John Lynch let us know last evening about Carlin's passing on Sunday. I think you'll find many people sharing their favorite George Carlin moments today. I found him to be remarkably observant on how language is used to deal with social and political issues ("shell shock" became "battle fatigue" which then became "post-traumatic stress disorder').
The man also clearly had some interests in pharmacology, particularly natural products - from the AP report:
Despite his reputation as unapologetically irreverent, Carlin was a television staple through the decades, serving as host of the "Saturday Night Live" debut in 1975 -- noting on his Web site that he was "loaded on cocaine all week long" -- and appearing some 130 times on "The Tonight Show."
So, 71 is pretty decent for a guy with that kind of mileage.
I remember one of his later routines about how the country club set should open up their golf courses as places where the homeless could at least camp safely relative to railway sidings and roadway underpasses. Not funny. Just a great observation.
I somehow never got over him being the narrator on the American version of Thomas & Friends, formerly Thomas The Tank Engine. I kept waiting for him to jump into a stream of expletives whenever there was a conflict and having to whisk my young daughter away from the TV, then having to explain what the words meant.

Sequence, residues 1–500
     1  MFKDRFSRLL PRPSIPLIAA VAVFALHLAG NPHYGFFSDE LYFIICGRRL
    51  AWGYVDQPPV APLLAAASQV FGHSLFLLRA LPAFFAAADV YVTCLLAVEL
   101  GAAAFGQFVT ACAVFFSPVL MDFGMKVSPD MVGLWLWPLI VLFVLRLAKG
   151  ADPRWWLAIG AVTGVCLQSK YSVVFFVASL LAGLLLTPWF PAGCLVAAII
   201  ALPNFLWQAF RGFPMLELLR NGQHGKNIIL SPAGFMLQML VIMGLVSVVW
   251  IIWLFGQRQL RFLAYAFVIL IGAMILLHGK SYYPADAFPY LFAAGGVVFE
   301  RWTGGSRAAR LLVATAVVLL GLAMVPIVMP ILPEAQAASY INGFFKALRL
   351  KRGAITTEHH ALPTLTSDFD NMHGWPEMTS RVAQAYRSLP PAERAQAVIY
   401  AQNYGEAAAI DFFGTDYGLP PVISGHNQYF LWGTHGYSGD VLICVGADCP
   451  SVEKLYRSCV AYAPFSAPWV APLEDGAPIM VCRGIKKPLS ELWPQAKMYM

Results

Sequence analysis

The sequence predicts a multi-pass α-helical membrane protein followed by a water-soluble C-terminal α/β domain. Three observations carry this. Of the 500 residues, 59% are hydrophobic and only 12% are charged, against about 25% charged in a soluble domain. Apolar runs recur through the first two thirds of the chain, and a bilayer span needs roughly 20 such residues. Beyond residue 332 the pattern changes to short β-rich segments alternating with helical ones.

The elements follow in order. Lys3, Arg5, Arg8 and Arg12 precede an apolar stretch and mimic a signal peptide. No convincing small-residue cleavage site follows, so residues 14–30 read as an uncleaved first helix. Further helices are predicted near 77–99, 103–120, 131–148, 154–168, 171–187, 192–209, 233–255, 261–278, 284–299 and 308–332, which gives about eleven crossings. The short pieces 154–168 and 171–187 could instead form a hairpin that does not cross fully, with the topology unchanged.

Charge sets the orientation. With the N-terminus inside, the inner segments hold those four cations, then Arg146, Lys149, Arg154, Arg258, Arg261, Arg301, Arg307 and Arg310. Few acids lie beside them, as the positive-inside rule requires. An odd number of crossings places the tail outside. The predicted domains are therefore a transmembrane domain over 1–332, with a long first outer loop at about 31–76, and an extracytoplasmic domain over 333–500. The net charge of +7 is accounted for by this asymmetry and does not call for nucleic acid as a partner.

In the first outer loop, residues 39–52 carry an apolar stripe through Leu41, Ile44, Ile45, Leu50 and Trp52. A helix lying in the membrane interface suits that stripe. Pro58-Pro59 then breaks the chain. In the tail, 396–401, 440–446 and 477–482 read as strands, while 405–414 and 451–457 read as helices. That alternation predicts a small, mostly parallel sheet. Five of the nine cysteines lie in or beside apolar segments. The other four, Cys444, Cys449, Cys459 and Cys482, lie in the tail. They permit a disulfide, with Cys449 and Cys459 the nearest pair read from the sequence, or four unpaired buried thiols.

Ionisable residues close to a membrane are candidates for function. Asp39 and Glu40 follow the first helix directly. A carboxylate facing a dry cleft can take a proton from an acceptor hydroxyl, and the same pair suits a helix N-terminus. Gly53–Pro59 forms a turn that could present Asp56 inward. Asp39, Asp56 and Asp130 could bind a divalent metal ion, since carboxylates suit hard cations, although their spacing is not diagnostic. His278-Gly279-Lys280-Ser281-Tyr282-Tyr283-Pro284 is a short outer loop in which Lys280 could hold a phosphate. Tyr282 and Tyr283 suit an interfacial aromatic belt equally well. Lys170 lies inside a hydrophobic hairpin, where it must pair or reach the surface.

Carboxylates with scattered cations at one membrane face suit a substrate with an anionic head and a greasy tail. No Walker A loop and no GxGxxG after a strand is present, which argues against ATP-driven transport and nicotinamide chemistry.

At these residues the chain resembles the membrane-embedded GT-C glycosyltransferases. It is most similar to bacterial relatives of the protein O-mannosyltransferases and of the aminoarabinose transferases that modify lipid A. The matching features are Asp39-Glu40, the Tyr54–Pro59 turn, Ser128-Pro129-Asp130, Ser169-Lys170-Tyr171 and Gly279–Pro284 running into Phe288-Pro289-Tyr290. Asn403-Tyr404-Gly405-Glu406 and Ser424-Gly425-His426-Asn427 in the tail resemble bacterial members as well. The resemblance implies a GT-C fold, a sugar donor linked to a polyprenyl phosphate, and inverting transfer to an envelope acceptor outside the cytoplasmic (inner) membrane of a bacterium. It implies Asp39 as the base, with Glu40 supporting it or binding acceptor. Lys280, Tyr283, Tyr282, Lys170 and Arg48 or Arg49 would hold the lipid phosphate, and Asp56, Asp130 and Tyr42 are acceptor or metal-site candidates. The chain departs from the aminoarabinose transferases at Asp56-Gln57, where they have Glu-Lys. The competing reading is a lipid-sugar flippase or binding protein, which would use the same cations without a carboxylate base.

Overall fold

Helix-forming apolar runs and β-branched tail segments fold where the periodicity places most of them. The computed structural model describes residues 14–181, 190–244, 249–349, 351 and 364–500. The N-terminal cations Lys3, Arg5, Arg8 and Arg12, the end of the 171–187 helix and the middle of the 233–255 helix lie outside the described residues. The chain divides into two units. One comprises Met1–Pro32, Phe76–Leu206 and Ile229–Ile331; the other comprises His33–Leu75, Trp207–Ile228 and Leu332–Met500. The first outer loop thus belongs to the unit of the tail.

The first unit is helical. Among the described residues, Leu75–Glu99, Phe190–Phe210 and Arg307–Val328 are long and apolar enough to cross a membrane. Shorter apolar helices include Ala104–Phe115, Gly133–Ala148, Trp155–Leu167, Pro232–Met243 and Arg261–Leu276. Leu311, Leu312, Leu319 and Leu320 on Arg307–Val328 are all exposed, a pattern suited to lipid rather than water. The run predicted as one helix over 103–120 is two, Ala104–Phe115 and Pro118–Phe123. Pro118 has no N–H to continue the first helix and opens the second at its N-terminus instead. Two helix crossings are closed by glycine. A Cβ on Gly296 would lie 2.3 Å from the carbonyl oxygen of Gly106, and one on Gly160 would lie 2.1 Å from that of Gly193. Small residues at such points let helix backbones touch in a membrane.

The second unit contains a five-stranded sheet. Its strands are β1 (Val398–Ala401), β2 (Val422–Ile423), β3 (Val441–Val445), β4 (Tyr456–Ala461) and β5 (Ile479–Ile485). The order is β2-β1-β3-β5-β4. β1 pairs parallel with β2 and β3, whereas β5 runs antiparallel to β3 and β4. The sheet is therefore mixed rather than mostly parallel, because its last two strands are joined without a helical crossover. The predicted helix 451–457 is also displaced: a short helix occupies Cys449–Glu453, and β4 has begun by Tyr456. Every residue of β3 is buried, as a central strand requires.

Yet those of us kids who grew up with Carlin on TV continued to have our own kids subversively influenced by him. From his Wikipedia entry:
Carlin provided the voice of Fillmore, a character in the Disney/Pixar animated feature Cars, which opened in theaters on June 9, 2006. The character Fillmore is a VW Microbus with a psychedelic paint job, whose front license plate reads "51237" -- Carlin's birthday.
So pay attention today to all of the Carlin tributes and remembrances. Yes, he was a prickly, angry, and often inappropriate and vulgar wild man who battled with drugs since his teenage years.
He was also a genius, innovative and among originals with his observations and presentation.
While my Mom and Dad's generation had Lenny Bruce, we had Carlin.
Really sad to hear that, he was a hell of a sharp guy despite his problems. I first saw him playing Rufus in Bill and Ted's Excellent Adventure of all places and never came across the name again for years till I started seeing his stand-up videos on the net (he's not that famous in the UK). Some of his angry stage diatribes are a joy to behold. He'll be sadly missed.
Agreed the man was fucking hilarious and still offered up brilliantly insightful social comment and critique.
Hell's getting a great show tonight, a combination of Lenny Bruce, Bill Hicks and Carlin. Hicks and Carlin were two very important influences upon my development since turning 18 and now both of them are dead. Pretty much all my heroes seem to have died, Heinlein, Hicks, Carlin...
My sentiments on Carlin's passing are best expressed by the man himself:
Shit, piss, fuck, cunt, cocksucker, motherfucker, and tits."
Decades ago, Carlin encouraged people, like me, to think critically. RIP